According to William E. Mead ‘the evils of matrimony, […], were a favourite theme in the Middle Ages’ . This means that marriage was a recurring topic and especially marriages that had trials and problems to overcome. Indeed, in the Canterbury Tales Chaucer uses for some of his tales the setting of marriage. In this essay, the Wife of Bath’s Prologue and the Franklin’s Tale will be used to demonstrate how Chaucer represented marriage and what possible functions could it have. With functions I mean in the texts as part of the plot as well as how marriage functions as a plot device. Both texts have been chosen as they deal with marriage and its tribulations and both offer an insight as to what marriage represented. The representation of marriage will be analysed in terms of the power relationship between the spouses and by the notion of ‘trouthe’. ‘trouthe’ according to the Middle English Dictionary (MED) has about 16 meanings, however this essay will focus on the notions of fidelity, commitment, devotion and honour. The Franklin’s Tale will be the first text to be analysed, then the Wife of Bath’s Prologue. Finally both texts will be compared to each other in how the representation of marriage differs.
In the Franklin’s Tale the reader learns about Dorigen’s and Averagus’ marriage. It is indeed a marriage with trials for both of them as Arveragus leaves his wife alone to fight in England and Dorigen encounters Aurelius, who courts her while knowing she is married. In ‘”In
Marriage in the 1700s and 1800s was judged by those closest to and the society that surrounded the couple which caused great strain within families. Both novels consult the idea of suitable matches and how love was valued above money and status. In an era filled with deep class prejudice, it was easier to marry someone from your own class as a woman since marrying below it was deeply frowned upon while marrying above provided its own issues which are explored in Pamela. If a woman did not have a substantial dowry, such as money or property, potential husbands from good families were unlikely. Pamela, for example, was an educated girl but yet she was still a servant with a family that has little to offer due to her father’s declined fortunes.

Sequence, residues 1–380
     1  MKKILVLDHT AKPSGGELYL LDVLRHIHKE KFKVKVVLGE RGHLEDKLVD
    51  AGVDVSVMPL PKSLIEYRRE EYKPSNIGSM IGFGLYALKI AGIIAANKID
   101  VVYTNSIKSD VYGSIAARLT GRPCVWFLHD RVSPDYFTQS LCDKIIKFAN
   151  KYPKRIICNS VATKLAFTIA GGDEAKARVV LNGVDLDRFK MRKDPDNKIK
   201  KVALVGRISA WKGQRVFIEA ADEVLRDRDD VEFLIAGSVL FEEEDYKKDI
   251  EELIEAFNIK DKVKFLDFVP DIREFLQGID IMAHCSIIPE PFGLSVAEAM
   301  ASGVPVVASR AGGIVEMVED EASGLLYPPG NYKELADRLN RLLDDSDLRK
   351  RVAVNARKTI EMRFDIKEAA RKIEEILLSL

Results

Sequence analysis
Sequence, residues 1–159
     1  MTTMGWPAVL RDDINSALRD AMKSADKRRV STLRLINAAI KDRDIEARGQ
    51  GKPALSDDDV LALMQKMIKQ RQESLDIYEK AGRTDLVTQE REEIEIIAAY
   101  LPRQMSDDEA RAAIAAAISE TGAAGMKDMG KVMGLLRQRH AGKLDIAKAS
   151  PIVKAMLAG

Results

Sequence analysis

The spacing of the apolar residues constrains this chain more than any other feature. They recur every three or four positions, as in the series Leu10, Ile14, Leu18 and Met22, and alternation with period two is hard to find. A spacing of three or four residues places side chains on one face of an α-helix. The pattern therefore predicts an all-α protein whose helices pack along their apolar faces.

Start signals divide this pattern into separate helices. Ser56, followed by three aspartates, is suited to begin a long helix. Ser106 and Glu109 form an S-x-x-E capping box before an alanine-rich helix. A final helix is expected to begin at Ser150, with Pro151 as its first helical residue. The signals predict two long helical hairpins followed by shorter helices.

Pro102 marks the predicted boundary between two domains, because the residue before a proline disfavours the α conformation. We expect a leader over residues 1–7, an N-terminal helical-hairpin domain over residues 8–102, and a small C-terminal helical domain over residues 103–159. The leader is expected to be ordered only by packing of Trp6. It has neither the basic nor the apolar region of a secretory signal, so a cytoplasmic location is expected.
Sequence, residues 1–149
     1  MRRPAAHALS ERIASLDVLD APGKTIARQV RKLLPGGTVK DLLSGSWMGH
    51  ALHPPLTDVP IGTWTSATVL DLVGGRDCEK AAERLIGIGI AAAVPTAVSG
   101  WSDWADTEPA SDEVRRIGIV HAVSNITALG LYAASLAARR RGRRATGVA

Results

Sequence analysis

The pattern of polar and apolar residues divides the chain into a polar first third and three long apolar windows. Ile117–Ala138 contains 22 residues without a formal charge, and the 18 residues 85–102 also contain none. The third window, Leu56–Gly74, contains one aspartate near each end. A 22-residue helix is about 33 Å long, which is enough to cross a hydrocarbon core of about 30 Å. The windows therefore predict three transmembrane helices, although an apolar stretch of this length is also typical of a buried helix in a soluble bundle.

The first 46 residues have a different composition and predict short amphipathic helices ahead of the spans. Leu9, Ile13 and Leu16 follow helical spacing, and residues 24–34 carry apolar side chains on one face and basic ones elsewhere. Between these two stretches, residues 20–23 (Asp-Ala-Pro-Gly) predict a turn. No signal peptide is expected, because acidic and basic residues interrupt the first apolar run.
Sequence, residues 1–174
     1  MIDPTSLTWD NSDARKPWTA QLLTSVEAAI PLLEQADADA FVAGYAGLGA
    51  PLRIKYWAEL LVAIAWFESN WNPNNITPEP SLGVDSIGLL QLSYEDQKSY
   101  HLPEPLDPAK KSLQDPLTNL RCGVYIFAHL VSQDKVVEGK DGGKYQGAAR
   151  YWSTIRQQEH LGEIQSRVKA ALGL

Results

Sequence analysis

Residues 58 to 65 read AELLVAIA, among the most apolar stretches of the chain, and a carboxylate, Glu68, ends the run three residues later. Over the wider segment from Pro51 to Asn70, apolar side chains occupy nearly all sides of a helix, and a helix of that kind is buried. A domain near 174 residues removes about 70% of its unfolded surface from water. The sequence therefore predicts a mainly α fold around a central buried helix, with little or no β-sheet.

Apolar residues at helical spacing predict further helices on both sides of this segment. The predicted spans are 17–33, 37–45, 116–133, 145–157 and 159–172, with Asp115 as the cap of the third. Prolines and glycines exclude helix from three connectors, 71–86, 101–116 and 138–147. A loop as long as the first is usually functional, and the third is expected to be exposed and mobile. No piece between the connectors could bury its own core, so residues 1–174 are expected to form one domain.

In The Wife of Bath’s Tale, Geoffrey Chaucer uses the tale as a fable to reveal the human nature of shallowness by its plot and characters. The story begins from the ancient days of King Arthur, when the “hero” of the story condemned sexual assault, but then was saved by an ugly woman. Chaucer created characters that are lusty, greedy, materially desires, and amazingly shallow in order to compare and comment on the lifestyle of the higher classes at the time. From the start of the story, Geoffrey Chaucer illustrated how foolishly shallows the young Knight is in comparison to the upper classman.
In the Wife of Bath’s, she broke all the stereotypes Medieval society thought a wife is. She tells the people that being married intercourse is part of marriage and God has made privates parts to make generations, not to waste in doing nothing. Being categorized or stereotyped in Medieval society was hard for married women in the Medieval era because often they were portrayed as disloyal, uncontrolled sexual beasts because of the lack of marriage
In Geoffrey Chaucer’s epic poem “The Wife of Bath’s Tale” and Giovanni Boccaccio’s “Federigo’s Falcon” illustrate what love is to a woman. Both works emphasize an ongoing theme of sacrifice. Boccaccio’s story dwells on a man sacrificing things he loves to prove he is worthy of a woman’s love using dramatic irony, while Chaucer uses power as a sacrifice for safety. Both works of literature depict sacrifice as a way to get what you want, ultimately losing what you love. Boccaccio presents a lusty knight flaunting his power and looks, when he takes the power from a virgin maiden it only made his power excel. .
Chaucer writes The Wife of Bath as a character who is superior to her husbands and as a woman who embraces her sexuality to the fullest extent. Through this characterization, she is able to defy the patriarchal society that is threatening to oppress her. She breaks the chains of ownership and finds a way to reverse the gender roles, by instead “chaining” her husbands. Yet, despite all of this, The Wife of Bath still succumbs to the idea that women are only relevant through their physical attributes by not only herself, but Chaucer as
“The Wife of Bath’s Prologue and Tale” that we have been studying consists of several claims and arguments. Some of them are marriage is not a sin, women and men are equal, a wife should have the control over her husband, the husband should obey and follow his wife’s orders, and those men who did not follow the rule have to be punished by god. However, not all of the arguments are present in both the prologue and the tale. The main argument, which is present in both the prologue and the tale, is that a wife should be incharge in relationship and take control over her husband. At the same time, the husband should love and obey his wife by following her orders.